David Marshall hopes to hear this week that he’s been given a green light to get back playing.
Apart from anything else, it will mean the physical pain will have been worth it.
The EFL are expected to announce this week that the Championship will follow the English Premier League’s example and re-start season 2019-20.
The Wigan Athletic and Scotland keeper returned to training with his club in the past week, and discovered few allowances were being made for goalkeepers.
“It was strange, getting tested twice for Covid-19 but it’s what needs to be done,” admitted the 35-year-old.
“We need to make sure the environment in football is as safe as it possibly can be.
“The training was non-contact stuff, and the sessions were staggered to allow us to work in small groups. It was great to get back into it, and feel the ball again.
“That said, the goalkeepers had to do some of the running the other day – and it was as tough a physical session as I’ve had in a long time!
“It was a like a proper pre-season shift.
“But that was what I needed. I’ve been away from the game for the best part of 10 weeks, and that is the longest period I’ve ever had to sit things out since I became a professional almost 20 years ago.
“I’ve missed it, to be honest.
“I enjoyed getting back to training with our goalie coach, Nick Colgan, who used to play for Hibs. He’s brilliant at what he does.
“We hope that we will be into the next phase quite soon. We tend to follow the lead of the Premier League, so we are around a week behind them.
“So it’s a case of waiting to see if the league will resume and a decision gets rubber-stamped. That is out of our hands but we’ll be ready to go.”
When football came to a halt in mid-March due to coronavirus, Wigan were flying.
They’d taken 10 points from their last four games and in that period Marshall hadn’t conceded a goal. The Scotland No. 1 was in sensational form.
The Latics had climbed to 20th spot in the table and fancied their chances of going higher. Relegation was not on their minds, and still isn’t.
That’s why Marshall hopes the season resumes. He wants to see Wigan continue their good work for the remaining nine games, but realises a lot has happened since they last kicked a ball.
“Yes, it’s strange times,” he said. “For tens of thousands of people, it’s been traumatic.
“I never lose sight of that, and never forget the importance of what this has been about.
“But we have had our focus back on football in the past week, and our aim is to pick up from where left off.
“We were in great form. Now we might just be three wins away from safety, and we’d look to get that done as quickly as possible.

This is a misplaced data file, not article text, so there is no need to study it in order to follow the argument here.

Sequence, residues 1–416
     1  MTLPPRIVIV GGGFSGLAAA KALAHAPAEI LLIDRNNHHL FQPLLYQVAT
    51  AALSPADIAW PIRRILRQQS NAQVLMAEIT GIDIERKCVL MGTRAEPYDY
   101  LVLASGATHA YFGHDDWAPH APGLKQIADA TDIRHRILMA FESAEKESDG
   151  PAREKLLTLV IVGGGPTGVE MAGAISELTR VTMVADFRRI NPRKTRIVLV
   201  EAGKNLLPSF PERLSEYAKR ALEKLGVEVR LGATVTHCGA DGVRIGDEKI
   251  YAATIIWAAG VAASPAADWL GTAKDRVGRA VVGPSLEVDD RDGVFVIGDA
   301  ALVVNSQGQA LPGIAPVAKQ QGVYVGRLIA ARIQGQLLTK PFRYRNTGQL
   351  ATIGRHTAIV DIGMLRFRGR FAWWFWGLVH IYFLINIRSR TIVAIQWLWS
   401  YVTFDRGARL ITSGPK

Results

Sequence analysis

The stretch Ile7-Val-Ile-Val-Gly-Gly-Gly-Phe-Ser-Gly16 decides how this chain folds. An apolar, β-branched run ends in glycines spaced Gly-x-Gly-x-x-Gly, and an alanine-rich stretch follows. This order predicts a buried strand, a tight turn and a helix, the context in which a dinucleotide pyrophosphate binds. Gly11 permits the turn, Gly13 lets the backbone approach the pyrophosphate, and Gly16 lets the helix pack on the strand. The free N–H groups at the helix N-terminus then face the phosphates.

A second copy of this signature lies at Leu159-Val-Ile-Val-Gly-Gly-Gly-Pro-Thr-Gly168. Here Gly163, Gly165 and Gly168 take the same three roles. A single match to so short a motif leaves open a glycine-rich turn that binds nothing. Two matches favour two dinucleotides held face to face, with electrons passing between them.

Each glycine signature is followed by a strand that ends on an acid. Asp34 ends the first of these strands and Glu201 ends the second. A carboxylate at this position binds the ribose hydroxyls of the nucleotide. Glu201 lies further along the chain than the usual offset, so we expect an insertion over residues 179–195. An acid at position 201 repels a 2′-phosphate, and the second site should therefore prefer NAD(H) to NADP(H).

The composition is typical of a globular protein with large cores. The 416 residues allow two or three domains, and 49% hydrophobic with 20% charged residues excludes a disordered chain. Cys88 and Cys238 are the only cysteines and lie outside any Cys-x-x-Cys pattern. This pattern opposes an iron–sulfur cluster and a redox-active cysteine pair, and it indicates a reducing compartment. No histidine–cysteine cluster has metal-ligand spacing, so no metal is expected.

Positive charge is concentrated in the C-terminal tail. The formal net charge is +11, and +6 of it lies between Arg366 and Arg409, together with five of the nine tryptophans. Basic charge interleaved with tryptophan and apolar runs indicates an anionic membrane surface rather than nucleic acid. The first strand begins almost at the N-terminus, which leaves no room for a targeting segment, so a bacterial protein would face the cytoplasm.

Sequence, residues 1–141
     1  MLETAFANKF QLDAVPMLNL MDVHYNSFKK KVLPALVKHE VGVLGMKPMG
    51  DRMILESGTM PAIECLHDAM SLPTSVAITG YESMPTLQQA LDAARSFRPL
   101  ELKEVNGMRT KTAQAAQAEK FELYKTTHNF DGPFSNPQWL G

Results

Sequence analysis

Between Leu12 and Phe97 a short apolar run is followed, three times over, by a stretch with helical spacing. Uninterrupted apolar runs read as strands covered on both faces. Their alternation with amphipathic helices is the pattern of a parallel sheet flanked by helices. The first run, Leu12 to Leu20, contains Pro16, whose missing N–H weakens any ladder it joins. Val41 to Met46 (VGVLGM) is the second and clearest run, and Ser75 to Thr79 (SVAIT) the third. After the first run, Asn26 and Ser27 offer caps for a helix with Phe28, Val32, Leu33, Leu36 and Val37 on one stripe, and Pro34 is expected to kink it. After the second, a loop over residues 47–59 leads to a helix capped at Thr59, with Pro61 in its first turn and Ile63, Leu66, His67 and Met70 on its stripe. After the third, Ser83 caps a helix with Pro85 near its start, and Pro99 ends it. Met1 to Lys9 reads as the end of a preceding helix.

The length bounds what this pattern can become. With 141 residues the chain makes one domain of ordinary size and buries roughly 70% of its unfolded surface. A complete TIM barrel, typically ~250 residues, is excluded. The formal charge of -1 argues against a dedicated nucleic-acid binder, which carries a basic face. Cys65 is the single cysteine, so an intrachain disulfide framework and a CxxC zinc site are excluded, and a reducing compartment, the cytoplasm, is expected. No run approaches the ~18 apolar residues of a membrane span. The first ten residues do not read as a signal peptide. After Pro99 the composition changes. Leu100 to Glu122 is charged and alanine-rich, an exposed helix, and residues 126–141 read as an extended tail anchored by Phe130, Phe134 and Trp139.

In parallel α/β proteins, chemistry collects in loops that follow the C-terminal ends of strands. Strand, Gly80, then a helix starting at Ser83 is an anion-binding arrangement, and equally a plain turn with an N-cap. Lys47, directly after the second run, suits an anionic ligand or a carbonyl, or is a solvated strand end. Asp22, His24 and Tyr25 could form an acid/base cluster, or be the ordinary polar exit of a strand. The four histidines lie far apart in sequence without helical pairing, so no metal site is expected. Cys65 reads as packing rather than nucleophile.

“But we all know how competitive the Championship is. Most teams still have something to play for.
“In fact, whether it’s to make the top six or avoid going down, I think every team has something to focus on.
“When we get back to playing, there won’t be time to take a breath. It will be intense and exciting. I’m looking forward to it.”
Away from the domestic game, Marshall is also waiting to hear what is going to happen with international football.
The former Celtic, Norwich, Cardiff and Hull keeper knows that Scotland are just two games away from qualifying from the Euro Finals next summer.
If they get past Israel at Hampden, they will face either Serbia or Norway away from home.
Then they’d just be 90 minutes away from being the first Scotland team to make it to a major championship since the 1998 World Cup in France.
It would be the highlight of Marshall’s career, and that would be something.
He has been a top-flight keeper since he starred on the UEFA Cup stage in 2004 with stunning displays for the Hoops against Barcelona.
That was during a successful Parkhead era under Martin O’Neill.
Indeed, tomorrow it will be exactly 20 years since the Northern Irishman was paraded as the new Celtic boss.
Marshall recalled: “I was just 15 when Martin was appointed.
“I went full-time the following summer, and was there with the likes of fellow goalies Jonathan Gould, Dmitri Kharine and Rab Douglas. It was a great learning experience for me.
“Martin made an instant impression on the football club, and it all started with the 6-2 win over Rangers.
“I was a ball boy that day. What an incredible time that was!
“To go from that to playing for Celtic against Rangers, then in big European games and winning silverware, was very, very special.
“I’ve been very privileged and fortunate. I hope I have a few more good moments to come in my career.”